The French Constitutional Court sides with Orange concerning Urssaf’s obligation to refund the employer contribution on free awards of shares when none are actually awarded

Communiqué Droit du travail et de la protection sociale Droit public et commande publique Droit de l’environnement Gestion patrimoniale Droit européen Immobilier et Construction | 28/04/17 | 2 min. | Emmanuelle Barbara Hélène Billery Isabelle Hadoux-Vallier Emmanuelle Mignon Boris Léone-Robin Emmanuel Weicheldinger

In 2011, Orange introduced a free share award plan for all of its employees and immediately paid, as was then required by law, the employer’s share of the specific social security contribution to which awards of free shares are subject in consideration of the fact that they are not subject to social security contributions under the ordinary rule of law. The performance condition not having been met, Orange did not ultimately award any shares to its employees under that plan.

Urssaf refused Orange’s application for the refund of the payment already made. In 2014, the French Supreme Court had ruled that in such case, even though no additional compensation in the form of shares had been paid to employees, the employer contribution remained owed and was not refundable.

A request for preliminary ruling on constitutionality having been referred to it, the French Constitutional Court has just sided with Orange: by its ruling on April 28th, 2017, it held that, while the legislature may require payment of the employer contribution as soon as the formal decision to award the shares is taken, this contribution must be refunded when no share is effectively awarded due to nonfulfillment of the conditions to which this award was subject, otherwise, the principle of the equality of citizens vis-à-vis burdens imposed by the State is violated. This solution applies to all plans to award free shares authorized by decision of extraordinary shareholders’ meeting on or before August 7th, 2015 and to all applications for a refund made within the applicable limitation period.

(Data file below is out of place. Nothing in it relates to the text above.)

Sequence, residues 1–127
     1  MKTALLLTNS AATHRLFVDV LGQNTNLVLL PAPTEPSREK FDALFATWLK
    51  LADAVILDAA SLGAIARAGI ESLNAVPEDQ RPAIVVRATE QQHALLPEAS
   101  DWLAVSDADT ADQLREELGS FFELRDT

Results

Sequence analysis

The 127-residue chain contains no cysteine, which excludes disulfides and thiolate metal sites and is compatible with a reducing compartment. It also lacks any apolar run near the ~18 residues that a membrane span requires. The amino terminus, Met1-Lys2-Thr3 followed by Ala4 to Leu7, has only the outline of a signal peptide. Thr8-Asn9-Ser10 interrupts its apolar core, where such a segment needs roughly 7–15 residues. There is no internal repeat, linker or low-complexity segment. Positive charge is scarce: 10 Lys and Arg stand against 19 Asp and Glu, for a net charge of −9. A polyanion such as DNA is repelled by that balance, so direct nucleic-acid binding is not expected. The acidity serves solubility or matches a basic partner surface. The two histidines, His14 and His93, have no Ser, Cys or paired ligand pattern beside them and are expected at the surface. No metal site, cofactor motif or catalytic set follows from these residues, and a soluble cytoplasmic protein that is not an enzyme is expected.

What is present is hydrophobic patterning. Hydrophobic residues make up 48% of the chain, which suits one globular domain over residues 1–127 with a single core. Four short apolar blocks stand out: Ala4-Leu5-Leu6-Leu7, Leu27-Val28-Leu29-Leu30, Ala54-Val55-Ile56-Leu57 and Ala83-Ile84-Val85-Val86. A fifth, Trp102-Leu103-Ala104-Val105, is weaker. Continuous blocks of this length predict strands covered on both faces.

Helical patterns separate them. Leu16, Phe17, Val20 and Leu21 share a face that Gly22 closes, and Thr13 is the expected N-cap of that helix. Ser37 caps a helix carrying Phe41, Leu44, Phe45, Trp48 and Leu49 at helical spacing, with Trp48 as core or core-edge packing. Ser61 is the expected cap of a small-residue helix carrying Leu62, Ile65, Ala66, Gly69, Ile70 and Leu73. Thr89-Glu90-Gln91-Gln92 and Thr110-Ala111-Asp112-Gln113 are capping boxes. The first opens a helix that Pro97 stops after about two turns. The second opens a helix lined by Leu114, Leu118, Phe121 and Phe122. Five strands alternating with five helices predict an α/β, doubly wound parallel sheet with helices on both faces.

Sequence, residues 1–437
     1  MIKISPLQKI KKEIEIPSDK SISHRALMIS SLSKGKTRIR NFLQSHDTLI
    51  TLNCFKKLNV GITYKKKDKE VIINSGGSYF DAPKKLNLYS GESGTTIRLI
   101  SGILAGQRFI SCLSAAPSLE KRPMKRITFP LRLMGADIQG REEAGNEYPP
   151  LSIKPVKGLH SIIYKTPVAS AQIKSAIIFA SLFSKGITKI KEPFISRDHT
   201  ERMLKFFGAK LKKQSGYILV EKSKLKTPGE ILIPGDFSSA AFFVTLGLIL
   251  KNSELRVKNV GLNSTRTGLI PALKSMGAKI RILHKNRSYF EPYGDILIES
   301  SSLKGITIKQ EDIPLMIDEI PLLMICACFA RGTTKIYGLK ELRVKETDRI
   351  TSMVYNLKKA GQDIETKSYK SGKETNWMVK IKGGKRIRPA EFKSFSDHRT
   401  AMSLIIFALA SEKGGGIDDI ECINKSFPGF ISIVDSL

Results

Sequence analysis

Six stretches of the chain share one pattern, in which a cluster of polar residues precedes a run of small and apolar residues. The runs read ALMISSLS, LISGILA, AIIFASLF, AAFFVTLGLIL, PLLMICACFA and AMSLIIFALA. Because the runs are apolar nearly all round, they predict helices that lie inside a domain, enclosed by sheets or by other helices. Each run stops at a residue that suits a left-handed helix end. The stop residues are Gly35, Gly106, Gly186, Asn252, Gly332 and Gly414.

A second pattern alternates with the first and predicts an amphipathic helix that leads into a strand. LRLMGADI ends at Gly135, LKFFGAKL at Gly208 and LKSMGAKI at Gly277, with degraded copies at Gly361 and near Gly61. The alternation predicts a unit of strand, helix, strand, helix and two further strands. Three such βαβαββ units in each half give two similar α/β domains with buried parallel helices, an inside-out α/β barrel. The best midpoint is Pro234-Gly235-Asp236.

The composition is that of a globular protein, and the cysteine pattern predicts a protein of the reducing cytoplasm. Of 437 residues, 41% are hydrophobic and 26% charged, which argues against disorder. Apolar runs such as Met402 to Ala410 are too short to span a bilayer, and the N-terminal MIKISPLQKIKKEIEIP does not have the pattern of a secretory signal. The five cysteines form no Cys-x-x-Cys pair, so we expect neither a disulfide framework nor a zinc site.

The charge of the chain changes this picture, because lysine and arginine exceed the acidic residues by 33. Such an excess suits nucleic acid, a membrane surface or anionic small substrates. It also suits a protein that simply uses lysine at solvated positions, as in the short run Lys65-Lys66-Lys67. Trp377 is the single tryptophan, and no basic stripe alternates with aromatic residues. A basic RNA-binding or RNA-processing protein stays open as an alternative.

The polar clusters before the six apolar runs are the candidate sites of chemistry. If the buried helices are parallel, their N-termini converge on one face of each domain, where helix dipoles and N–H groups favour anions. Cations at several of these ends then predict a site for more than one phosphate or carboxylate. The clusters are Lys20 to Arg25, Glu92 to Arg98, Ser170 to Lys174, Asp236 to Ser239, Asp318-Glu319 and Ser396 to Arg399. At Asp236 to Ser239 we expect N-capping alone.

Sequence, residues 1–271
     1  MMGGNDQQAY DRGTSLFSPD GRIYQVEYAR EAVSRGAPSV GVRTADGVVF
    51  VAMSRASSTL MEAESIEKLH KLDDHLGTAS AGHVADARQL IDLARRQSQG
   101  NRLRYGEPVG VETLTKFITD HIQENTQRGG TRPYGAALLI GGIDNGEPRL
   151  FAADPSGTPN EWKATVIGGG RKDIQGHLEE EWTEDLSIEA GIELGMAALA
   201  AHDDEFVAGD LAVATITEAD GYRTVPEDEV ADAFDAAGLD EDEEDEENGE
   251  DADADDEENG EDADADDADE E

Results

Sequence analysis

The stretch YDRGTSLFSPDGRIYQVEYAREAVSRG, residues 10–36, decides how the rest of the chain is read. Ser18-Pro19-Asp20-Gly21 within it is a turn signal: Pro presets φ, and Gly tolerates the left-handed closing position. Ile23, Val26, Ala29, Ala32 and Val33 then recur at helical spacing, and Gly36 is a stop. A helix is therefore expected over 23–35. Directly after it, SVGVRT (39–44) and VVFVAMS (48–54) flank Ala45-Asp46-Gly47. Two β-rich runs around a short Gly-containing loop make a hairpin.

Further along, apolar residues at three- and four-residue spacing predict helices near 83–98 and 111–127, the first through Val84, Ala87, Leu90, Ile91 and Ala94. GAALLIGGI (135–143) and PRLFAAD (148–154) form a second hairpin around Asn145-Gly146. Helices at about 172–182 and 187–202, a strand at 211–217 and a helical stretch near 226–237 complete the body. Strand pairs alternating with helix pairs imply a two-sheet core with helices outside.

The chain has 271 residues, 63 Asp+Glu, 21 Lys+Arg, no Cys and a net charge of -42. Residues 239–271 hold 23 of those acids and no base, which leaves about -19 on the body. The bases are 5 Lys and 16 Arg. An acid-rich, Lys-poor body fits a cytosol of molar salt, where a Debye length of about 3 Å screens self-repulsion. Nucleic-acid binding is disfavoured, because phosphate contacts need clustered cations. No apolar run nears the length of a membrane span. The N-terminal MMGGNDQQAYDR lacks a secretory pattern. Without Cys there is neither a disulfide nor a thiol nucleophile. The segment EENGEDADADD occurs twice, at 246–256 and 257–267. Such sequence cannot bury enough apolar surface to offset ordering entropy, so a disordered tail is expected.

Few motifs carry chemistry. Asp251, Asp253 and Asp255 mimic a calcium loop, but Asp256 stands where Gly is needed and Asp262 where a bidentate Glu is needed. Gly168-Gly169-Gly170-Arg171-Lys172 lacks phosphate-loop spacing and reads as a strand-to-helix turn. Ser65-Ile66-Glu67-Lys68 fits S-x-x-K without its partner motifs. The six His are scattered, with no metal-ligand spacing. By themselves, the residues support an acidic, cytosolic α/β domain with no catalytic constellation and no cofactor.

The Constitutional Court’s ruling was entered following lengthy proceedings before the Social Security Affairs Tribunal of Strasbourg and the Court of Appeal of Colmar, which had successively rejected the application for a refund of the contribution and refused to refer the associated request for a preliminary ruling on constitutionality. To better its prospects of success, Orange decided not only to contest the refusal to refer its request for a preliminary constitutional ruling before the Supreme Court but also before the Council of State, challenging the legality of the implementing circular reiterating the provisions of the law, and also making the same request for a preliminary constitutional ruling. Within a day of each other, both the Council of State and the Supreme Court decided to pass on the same request for a preliminary ruling on constitutionality to the Constitutional Court, an event in its own right.

In this case, Orange was represented by August Debouzy’s public law team (Emmanuelle Mignon, partner, Hélène Billery, counsel, and Emmanuel Weicheldinger, attorney) and employment law team (Emmanuelle Barbara, partner, Isabelle Hadoux-Vallier, counsel, and Camille Lihrmann, senior attorney), as well as by SCP Célice-Soltner-Texidor-Perier.

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